Type: Zeitschriftenaufsatz (reviewed)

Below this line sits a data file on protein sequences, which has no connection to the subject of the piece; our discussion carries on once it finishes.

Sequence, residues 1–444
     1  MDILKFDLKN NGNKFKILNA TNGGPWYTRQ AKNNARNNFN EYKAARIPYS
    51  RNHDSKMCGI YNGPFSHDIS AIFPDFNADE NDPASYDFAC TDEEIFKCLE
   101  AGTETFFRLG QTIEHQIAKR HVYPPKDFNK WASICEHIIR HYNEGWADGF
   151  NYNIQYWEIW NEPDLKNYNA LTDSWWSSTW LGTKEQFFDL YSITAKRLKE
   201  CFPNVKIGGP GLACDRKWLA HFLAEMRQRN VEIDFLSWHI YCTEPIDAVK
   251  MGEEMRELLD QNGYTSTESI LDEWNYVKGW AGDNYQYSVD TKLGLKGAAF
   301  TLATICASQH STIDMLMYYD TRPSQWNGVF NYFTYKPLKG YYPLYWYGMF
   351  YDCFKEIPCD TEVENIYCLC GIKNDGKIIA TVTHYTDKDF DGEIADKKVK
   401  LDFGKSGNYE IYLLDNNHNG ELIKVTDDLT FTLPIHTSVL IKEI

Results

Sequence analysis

Additive manufacturing enables the production of intricate geometries including internal structures. This design freedom can be used advantageously to enhance heat transfer in injection molds by means of conformal cooling. The main goal is to reduce cycle times and to improve part quality through uniform cooling of the plastic products. This paper presents cooling design concepts for mold inserts. Their underlying approaches differ with respect to the shape and the cross-sectional geometries of cooling channels. Distinct inserts are additively manufactured by laser-based powder bed fusion (PBF-LB) of AISI 420 stainless steel. Experiments are carried out on a custom thermal test bench. Infrared thermography is used to examine the surface temperature, showing a reduction in cooling time by up to 41 \% compared to conventional concepts. Additionally, the coolant flow is measured. The evaluation of the cooling characteristics reveal a critical trade-off between cycle time and uniformity of the surface temperature.